© Reuters. FILE PHOTO: A model of 3D printed oil barrels is seen in front of displayed stock graph going down in this illustration taken, December 1, 2021. REUTERS/Dado Ruvic/Illustration
By Stella Qiu and Alun John
BEIJING (Reuters) – Asian shares were volatile on Thursday and oil prices turned lower as the latest developments in the Ukraine war and more hawkish comments from U.S. Federal Reserve officials left investors uneasy.
MSCI’s broadest index of Asia-Pacific shares outside Japan recouped some of its earlier losses to be off 0.34%, on the day, with Chinese stocks leading the declines.
Hong Kong’s fell 0.3% while the mainland’s blue-chip index slid 0.6%.
, however, reversed losses to gain 0.25% and end the session at a nine-week high, buoyed by a retreat in and buying into the end of Japan’s fiscal year this month. [L2N2VR0D6]
“It is still a relatively volatile market, (which) suggests that these ripping moves in stocks ought to be treated with caution,” said Kyle Rodda, an analyst at IG markets.
European markets are set for a stronger open, as indicated by early futures trading. The pan-region were up 0.29%, German rose 0.25% and futures were up 0.2%.
E-mini futures for the rose 0.4%.
Driving some of the volatility, Federal Reserve policymakers on Wednesday signalled they stood ready to take more aggressive action to bring down runaway inflation, including a possible half-percentage-point interest rate hike at the next policy meeting in May.
This pushed all three main U.S. share benchmarks 1% lower overnight. [.N]
“We expect limited upside to U.S. equities. The Fed is clearly prioritising fighting inflation, and while not our base case, risks of stagflation have increased,” said analysts at Barclays (LON:) in a note on Thursday.
Geopolitics is also top of the mind, and U.S. President Joe Biden is due to attend an emergency NATO summit later in the day. Biden will meet with G7 leaders and address leaders of the European Union, with markets on the lookout for any escalation of sanctions on Russia.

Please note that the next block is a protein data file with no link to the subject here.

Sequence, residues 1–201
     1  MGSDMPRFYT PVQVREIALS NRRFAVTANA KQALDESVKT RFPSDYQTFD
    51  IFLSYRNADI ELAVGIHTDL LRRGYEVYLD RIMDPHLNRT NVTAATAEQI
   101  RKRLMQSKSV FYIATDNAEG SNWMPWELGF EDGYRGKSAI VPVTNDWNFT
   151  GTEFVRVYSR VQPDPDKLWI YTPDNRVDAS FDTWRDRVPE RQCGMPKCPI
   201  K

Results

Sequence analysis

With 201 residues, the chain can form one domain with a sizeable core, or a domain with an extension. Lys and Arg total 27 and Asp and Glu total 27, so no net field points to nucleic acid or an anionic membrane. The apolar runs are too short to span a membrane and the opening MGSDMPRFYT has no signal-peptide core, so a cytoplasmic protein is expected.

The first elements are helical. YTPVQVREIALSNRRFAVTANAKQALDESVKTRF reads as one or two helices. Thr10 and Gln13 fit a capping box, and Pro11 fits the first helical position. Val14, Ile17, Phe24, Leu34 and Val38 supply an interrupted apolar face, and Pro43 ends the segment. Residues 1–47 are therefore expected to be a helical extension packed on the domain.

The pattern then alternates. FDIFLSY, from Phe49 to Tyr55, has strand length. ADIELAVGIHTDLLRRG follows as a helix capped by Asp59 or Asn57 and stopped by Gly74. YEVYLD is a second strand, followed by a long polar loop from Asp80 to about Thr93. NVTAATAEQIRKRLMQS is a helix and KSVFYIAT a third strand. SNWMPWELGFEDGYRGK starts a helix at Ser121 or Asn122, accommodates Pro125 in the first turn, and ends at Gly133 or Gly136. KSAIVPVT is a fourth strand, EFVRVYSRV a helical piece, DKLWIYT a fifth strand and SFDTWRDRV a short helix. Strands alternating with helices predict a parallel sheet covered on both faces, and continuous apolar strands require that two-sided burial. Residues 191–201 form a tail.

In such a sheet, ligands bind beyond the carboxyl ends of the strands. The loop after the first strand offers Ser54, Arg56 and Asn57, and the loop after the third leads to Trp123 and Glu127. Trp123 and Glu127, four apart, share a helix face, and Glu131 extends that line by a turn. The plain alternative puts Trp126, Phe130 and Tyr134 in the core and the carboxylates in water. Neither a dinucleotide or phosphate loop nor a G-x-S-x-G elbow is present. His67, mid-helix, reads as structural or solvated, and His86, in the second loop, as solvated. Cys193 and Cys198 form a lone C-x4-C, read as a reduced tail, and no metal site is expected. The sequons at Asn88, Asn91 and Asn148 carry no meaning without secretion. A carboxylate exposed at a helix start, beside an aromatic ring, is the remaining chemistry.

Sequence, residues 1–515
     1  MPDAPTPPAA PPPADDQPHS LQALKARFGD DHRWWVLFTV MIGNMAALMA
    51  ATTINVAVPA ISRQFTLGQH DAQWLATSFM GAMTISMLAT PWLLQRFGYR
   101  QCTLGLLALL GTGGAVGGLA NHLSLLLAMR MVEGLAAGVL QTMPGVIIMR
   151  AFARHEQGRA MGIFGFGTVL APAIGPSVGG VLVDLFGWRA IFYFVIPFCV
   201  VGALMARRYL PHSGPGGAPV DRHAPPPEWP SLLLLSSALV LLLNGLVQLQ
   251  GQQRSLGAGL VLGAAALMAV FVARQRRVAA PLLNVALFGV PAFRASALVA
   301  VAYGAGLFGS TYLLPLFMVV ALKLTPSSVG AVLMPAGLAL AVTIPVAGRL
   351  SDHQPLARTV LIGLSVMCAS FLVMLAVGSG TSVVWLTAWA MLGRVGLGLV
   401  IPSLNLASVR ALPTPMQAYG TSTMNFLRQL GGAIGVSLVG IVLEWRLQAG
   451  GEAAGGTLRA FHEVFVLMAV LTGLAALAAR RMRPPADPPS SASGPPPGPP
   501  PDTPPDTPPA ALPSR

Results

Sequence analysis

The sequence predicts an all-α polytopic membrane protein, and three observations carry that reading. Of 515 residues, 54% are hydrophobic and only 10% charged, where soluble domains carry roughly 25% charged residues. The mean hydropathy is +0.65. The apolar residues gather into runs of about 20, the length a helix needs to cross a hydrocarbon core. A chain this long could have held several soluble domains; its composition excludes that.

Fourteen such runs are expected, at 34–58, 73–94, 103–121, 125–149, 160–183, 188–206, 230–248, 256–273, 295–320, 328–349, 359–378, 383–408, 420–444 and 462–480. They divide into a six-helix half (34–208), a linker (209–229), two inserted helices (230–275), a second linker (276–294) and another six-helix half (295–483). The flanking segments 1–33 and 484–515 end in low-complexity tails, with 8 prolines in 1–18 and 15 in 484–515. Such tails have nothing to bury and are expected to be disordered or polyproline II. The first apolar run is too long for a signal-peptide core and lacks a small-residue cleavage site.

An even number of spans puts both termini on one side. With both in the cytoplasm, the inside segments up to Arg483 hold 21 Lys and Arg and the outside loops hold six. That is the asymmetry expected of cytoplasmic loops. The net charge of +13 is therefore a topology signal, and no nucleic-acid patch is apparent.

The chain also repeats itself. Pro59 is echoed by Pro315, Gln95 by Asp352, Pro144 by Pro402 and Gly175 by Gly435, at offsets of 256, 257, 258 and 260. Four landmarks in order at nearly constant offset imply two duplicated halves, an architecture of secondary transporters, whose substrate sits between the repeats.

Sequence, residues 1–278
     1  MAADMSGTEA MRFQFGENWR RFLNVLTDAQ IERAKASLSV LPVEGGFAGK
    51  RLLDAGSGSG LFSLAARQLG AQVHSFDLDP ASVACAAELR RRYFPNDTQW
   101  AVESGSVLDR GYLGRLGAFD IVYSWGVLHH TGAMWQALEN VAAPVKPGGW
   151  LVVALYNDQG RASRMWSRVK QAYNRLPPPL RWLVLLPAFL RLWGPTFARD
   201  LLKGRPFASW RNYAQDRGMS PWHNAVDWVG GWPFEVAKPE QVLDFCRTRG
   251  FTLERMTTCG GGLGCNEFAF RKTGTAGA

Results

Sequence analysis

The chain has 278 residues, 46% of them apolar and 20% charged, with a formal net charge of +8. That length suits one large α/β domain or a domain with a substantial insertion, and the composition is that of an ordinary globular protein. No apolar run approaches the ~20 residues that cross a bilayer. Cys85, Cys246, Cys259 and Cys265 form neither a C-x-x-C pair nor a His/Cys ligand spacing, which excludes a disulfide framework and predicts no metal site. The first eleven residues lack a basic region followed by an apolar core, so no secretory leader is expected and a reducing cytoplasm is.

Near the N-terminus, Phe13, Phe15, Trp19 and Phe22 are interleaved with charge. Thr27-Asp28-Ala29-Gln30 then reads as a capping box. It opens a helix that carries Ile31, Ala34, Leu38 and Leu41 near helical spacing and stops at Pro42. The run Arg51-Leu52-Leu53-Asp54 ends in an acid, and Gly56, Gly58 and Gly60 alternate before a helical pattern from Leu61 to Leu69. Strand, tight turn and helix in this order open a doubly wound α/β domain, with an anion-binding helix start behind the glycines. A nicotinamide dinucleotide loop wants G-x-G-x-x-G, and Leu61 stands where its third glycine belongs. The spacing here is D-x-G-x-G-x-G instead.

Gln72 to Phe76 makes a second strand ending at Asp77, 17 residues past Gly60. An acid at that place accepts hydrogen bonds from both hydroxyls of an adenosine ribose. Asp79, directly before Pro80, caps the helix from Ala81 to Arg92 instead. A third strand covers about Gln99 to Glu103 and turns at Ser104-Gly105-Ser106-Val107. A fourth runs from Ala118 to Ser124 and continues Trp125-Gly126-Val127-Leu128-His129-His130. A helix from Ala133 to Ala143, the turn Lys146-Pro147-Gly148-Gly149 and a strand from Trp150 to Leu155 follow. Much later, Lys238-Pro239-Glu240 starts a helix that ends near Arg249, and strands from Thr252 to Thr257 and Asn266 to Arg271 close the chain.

Russia President Vladimir Putin said on Wednesday that Moscow, which calls its actions in Ukraine a “special operation”, will seek payment in roubles for gas sold to “unfriendly” countries, jolting energy markets.
However, crude prices on Thursday gave up earlier gains in volatile trading as investors assessed the potential for new supply in the tight markets amid prospects of a new Iran deal. [OR/]
EU leaders are also expected to agree at a two-day summit starting on Thursday to jointly buy gas, as they seek to cut reliance on Russian fuels and build a buffer against supply shocks, but the bloc remains unlikely to sanction Russian oil and gas.
futures were down 58 cents, or 0.48%, at $121.02 a barrel and U.S. West Texas Intermediate futures fell 96 cents, or 0.84%, to $113.97 a barrel at 0502 GMT. The contracts rose $2 and $1, respectively, in early trade.
The bond market, meanwhile, paused for breath with the yield on benchmark last at 2.3444% in Asian trading, after retreating from a nearly three-year peak of 2.4170% overnight.
The two-year yield, which is more sensitive to traders’ expectations for the Fed funds rate, stood at 2.1366%, down from an almost three-year high of 2.2020% reached Tuesday.
In the currency markets, the U.S. dollar found some support as commodity currencies took a breather from a steep rally driven by rising prices for exports, though the steadier U.S. bond market offered little solace to the struggling yen. [FRX/]
The yen had hit a six-year low of 121.41 on Wednesday as rising U.S. yields and a deteriorating trade balance sucked cash out of Japan.
Gold was slightly lower, trading at $1,942.9 per ounce. [GOL/]